“Y-pipe will either be in the vending machine in the lunchroom (which means you’ll have to use coins from the rainbow in the test room to buy him and when he gets stuck, use a can of earthquake (from the case in the warehouse basement) on the can opener and then throw the can at the vending machine to get him loose and then replace him) or he will be in the employee lockers (which means you’ll have to use a crank (from the reception area) to blow away the fog, then you’ll have to find the combination to the lock, which is Foster Boondoggle’s birthdate, which you can get it from Mr. Someone the Personnel Manager if you give him an apple, grown in the test room from apple seeds from the trashcan in the lunchroom).”
That’s the simpler version, mind you. I give a more detailed version of what to do at the appropriate spots in the guide. Over half my guide looks like that. See what I mean when I say that a random game set-up results in a lot of unnecessary explanation? No matter what scenario you get, half the guide is immediately useless to you.
On a brighter note, this game comes with a special selection feature in the options menu. This feature lets you choose four of the eight possible outcomes the game has, if you so wish. This was a major boon for me, because it meant I could choose the game outcomes, instead of replaying the game over and over again, and hoping that the Gods of Chance would give me an outcome I hadn’t seen already in my quest to describe all possible game outcomes. This was a major improvement that allowed for the guide-making process to proceed much more quickly.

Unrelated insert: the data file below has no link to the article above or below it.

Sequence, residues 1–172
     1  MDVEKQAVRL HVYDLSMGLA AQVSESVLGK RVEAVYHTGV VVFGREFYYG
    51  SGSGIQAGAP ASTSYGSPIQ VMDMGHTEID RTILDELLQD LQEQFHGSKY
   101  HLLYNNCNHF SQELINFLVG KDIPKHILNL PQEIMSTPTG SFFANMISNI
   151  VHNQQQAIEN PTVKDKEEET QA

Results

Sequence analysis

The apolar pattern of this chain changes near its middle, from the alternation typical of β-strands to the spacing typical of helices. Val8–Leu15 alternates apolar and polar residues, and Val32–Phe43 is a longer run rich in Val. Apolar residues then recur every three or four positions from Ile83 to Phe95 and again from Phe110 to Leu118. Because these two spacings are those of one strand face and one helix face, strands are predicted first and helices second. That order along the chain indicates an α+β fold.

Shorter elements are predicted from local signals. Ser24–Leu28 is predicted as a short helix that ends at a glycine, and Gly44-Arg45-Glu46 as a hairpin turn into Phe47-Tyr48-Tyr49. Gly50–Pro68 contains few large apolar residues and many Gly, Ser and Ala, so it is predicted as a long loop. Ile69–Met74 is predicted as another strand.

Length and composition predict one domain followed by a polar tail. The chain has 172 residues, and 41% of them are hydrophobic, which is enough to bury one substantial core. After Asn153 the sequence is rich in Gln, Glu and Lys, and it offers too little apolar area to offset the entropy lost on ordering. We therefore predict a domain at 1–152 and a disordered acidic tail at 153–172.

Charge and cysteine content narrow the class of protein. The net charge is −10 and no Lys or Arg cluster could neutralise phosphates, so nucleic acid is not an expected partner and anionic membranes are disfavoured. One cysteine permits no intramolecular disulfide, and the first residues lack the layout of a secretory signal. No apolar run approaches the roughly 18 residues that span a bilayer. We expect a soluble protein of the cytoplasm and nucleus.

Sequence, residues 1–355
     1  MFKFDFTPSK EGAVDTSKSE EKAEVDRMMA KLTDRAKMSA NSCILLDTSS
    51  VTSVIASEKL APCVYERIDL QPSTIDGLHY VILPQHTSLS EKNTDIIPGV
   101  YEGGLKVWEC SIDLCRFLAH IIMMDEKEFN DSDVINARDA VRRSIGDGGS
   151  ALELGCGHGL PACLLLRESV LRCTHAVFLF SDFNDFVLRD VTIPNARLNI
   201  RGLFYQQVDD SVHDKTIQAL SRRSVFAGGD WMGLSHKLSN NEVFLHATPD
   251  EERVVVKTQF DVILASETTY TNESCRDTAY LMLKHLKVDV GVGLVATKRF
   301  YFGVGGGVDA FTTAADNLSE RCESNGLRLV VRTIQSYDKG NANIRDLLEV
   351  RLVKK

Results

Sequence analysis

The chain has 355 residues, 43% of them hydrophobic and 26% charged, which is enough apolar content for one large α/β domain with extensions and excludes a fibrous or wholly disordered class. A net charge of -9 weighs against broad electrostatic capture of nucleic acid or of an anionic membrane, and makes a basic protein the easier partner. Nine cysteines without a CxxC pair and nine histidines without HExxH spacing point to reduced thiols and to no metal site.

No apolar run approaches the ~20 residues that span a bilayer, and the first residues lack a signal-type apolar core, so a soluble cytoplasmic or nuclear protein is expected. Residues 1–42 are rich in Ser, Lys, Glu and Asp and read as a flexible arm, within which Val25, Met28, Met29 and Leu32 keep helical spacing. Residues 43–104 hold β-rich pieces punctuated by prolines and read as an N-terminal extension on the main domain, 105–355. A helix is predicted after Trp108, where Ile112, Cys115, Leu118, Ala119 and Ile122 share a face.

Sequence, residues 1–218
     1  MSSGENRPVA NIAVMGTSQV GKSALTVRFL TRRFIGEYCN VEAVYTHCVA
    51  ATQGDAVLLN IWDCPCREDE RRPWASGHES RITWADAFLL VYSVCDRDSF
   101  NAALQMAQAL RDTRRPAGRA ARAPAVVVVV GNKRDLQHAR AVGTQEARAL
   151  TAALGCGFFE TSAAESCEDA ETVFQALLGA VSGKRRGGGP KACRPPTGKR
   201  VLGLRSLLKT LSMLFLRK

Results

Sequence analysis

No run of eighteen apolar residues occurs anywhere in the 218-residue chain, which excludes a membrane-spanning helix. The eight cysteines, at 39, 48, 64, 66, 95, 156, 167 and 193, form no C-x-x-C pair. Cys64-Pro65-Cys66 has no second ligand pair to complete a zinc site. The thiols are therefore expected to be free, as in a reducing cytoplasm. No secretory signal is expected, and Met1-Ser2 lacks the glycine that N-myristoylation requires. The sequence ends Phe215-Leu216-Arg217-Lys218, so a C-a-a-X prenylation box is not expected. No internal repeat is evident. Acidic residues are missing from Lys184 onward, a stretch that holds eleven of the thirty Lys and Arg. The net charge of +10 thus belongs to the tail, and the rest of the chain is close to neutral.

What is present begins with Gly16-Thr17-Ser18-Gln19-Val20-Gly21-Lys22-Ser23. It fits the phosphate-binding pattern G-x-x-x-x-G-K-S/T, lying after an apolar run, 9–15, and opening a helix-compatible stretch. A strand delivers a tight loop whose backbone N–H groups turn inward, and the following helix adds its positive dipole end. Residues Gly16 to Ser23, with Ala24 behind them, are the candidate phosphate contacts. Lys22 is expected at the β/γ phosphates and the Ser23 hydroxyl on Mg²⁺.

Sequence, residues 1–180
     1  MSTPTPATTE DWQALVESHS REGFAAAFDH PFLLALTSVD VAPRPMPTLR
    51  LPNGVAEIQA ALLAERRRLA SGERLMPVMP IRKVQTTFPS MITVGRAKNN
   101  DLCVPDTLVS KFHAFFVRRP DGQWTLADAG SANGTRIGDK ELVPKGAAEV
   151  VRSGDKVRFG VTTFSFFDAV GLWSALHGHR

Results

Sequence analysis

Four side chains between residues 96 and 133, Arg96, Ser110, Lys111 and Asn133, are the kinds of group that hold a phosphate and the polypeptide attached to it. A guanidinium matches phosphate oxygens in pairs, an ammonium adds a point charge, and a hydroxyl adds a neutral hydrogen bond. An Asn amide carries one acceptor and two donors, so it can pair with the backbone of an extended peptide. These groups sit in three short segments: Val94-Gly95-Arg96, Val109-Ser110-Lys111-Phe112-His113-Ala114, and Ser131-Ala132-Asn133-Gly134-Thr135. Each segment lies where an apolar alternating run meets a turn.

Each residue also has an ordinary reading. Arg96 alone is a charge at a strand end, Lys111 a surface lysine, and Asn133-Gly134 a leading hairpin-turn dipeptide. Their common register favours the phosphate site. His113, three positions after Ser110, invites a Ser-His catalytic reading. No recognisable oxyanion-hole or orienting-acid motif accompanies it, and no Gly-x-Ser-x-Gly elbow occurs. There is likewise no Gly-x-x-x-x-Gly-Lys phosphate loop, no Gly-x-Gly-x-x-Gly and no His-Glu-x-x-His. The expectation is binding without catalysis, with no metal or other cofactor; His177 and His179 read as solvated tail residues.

Pajama Sam 4: Life is Rough When You Lose Your Stuff
This scene scares me.
Pajama Sam 4: Life is Rough When You Lose Your Stuff is the first (and last) Pajama Sam game made after Atari purchased the company that made the first three Pajama Sam games. Or at least, that’s what I’m guessing. The game has all the signs of being made by a different company, such as hiring a new voice actor to play Pajama Sam, not including classic Pajama Sam characters like the Carrot, and switching from a non-linear layout to a linear layout.
These changes aside, I am willing to forgive the game because it has one of the greatest moments in the entire series: The Sock Musical.
Writing a guide for this game was so, so much simpler than the other games. Like I said, this game has a linear layout, which means that every time you play the game, it’s exactly the same. No more items appearing in random locations. No more needless repetition. All I had to do was play the game once to write a perfect guide for it! It was my favorite Pajama Sam game to write a guide for.
It seems to be my readers’ favorite guide, too, because I’ve gotten more e-mails about this guide than all the other three games put together. Most are from parents who are thanking me for writing the guide, because I saved them the embarrassment of looking stupid in front of their little children. I always smile when I get those e-mails. Protecting parents from being outwitted by their six-year-olds is what I do best! Just like Pajama Sam, I’m always around to save the day!
So that’s what I have to say about the Pajama Sam series. Writing guides for them is more trouble than you’d think, isn’t it? On the other hand, it’s a lot easier to write guides for Pajama Sam games, because they’re for younger children and are therefore much simpler, with problems that are much easier to figure out. Do the pros outweigh the cons, though? I never figured it out!